During the 20th century we witnessed countries and corporations driven by self preservation. This thinking lead to the building of systems designed to preserve our smaller worlds rather than improving a bigger world. Subsequently leaders took on an attitude of “win at all cost” and wars were fought between countries and corporations and the cost (ecological, human and spiritual) far outweighed the gains.
The global wars of the 20th century fought for power, capital and possessions which created an attitude of consumption at all cost. This era could be called the “ego era” where selfishness fueled the hunger for more by the few while the many paid the price for less. As a society we simply let our minds over ride our hearts and we used land, labor and capital as the sources to build self serving silos to preserve our economic engines that the few thought would run for a lifetime. We were blind to the consequences until we the people began to connect to a bigger world.
As the 21st century dawns we are entering an Age of Disruption. The 20th century mindset of disconnected thinking, maximizing material consumption, disregard for human capital, politics as usual and results that nobody finds meaningful to the many is rapidly dying.
Technology is creating disruptive awareness of old mental models that fueled an ego-system, caring only about oneself, and shifting attention to the need for eco-system thinking, awareness of the needs of the whole. This shift is only possible because technology tears down all previous walls of control of information needed to control awareness of issues important to all the people not just the few.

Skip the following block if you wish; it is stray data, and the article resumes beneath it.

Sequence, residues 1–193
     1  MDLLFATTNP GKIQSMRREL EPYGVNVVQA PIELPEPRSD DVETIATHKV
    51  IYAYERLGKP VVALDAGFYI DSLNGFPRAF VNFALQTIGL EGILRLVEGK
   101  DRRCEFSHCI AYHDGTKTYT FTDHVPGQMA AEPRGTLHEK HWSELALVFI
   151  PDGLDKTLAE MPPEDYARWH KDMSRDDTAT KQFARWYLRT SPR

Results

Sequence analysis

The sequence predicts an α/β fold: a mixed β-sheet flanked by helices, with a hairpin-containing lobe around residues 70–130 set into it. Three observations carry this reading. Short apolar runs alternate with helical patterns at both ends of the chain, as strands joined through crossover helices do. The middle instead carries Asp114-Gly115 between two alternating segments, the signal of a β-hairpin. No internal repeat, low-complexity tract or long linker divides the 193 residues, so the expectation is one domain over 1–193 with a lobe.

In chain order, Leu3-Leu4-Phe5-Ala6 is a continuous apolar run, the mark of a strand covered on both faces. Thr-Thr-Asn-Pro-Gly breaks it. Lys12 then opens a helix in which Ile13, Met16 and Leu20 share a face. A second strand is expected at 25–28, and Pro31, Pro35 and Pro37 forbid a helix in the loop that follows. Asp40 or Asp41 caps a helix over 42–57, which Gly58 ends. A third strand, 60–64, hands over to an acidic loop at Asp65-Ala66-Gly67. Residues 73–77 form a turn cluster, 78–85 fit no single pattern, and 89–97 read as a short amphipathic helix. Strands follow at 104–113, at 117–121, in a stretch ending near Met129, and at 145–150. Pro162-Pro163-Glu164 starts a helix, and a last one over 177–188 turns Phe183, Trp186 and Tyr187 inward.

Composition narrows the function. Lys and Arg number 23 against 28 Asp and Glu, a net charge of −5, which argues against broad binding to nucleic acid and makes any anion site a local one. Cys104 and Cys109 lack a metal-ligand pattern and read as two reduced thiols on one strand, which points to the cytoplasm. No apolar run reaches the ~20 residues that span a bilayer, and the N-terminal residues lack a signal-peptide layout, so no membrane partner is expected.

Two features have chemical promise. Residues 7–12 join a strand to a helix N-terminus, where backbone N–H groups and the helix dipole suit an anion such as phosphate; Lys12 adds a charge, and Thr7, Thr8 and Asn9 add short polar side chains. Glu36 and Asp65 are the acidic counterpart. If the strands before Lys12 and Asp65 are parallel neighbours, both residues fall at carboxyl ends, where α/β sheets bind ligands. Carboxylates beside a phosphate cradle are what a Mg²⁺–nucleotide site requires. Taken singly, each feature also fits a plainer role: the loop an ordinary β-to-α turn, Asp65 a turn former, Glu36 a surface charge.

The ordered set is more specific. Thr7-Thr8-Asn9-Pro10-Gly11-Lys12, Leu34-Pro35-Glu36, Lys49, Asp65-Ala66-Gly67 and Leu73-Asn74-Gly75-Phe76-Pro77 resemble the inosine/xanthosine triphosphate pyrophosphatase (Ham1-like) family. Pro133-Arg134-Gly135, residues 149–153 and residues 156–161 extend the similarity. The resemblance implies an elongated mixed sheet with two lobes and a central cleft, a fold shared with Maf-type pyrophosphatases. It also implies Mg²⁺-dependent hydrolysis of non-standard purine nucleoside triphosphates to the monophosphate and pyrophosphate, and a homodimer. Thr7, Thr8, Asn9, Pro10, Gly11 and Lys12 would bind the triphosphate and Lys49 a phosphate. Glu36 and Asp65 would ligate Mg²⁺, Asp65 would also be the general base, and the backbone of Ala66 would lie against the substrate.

This shift has significant economic implications. The prefix eco- is taken from the Greek word oikos and means “whole house”. The word economy can be traced back to the same root and technology is being used to describe new eco-systems. Put the two together and you’ll get a new picture of an emerging future.
An Evolutionary or Revolutionary Shift?
From the book “Leading from the Emerging Future: From Ego-System to Eco-System Economies” Scharmer & Kaufer write : The Matrix of Economic Evolution maps both the journey of our economic development and the possible development space going forward. In the 0.0 stage, “Mother Nature” is shaded, indicating that nature is the critical factor for the production function. Then, at stage 1.0, dependent labor (serfdom and slavery) became the critical developmental factor. The production function changes from one factor (nature) to two (nature, labor). In stage 2.0, when economies move from state-centered societies to market economies, industrial capital becomes the critical developmental factor. Capital allows the new players in the market economy to be productive, and as a result the production function of the economic system now has three factors (nature, labor, capital).
In stage 3.0, technology emerges as a critical factor, and with that the factors of production evolve to four (nature, labor, capital, technology). And finally, in the currently emerging stage 4.0, all of the factors may turn out to be bottlenecks, or critical factors, in the economy.
The difference between an evolution and a revolution is in the strength of resistant to change. The ego-system players still have the controls to prevent natural evolution from happening. If they do then we are likely to see a disruptive revolution. Afterall, we are living in the Age of Disruption!